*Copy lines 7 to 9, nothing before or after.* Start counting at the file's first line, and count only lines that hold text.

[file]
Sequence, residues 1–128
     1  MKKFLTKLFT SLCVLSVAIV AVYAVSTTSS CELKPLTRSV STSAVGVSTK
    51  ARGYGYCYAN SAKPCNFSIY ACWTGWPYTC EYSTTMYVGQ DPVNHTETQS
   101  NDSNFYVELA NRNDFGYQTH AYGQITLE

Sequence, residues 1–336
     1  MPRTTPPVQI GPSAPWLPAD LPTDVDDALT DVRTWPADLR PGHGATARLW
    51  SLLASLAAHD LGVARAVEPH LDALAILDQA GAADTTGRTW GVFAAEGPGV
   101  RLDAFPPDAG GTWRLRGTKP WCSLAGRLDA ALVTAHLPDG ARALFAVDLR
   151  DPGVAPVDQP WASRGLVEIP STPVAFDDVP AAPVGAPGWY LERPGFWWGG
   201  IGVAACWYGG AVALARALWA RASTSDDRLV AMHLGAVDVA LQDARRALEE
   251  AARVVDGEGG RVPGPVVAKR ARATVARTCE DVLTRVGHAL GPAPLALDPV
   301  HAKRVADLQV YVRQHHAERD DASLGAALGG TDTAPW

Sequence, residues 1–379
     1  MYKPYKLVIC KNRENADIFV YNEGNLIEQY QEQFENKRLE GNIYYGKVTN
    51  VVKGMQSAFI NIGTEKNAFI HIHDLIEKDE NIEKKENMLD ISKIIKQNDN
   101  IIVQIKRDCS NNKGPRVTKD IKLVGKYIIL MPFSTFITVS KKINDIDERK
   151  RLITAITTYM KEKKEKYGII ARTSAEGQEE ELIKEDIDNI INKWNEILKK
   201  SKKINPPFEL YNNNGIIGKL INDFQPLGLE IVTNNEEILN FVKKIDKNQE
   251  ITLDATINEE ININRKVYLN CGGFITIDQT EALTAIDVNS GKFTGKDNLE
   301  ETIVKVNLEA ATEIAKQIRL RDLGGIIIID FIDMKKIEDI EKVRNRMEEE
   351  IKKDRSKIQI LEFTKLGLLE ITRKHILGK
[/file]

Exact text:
    51  SLLASLAAHD LGVARAVEPH LDALAILDQA GAADTTGRTW GVFAAEGPGV
   101  RLDAFPPDAG GTWRLRGTKP WCSLAGRLDA ALVTAHLPDG ARALFAVDLR
   151  DPGVAPVDQP WASRGLVEIP STPVAFDDVP AAPVGAPGWY LERPGFWWGG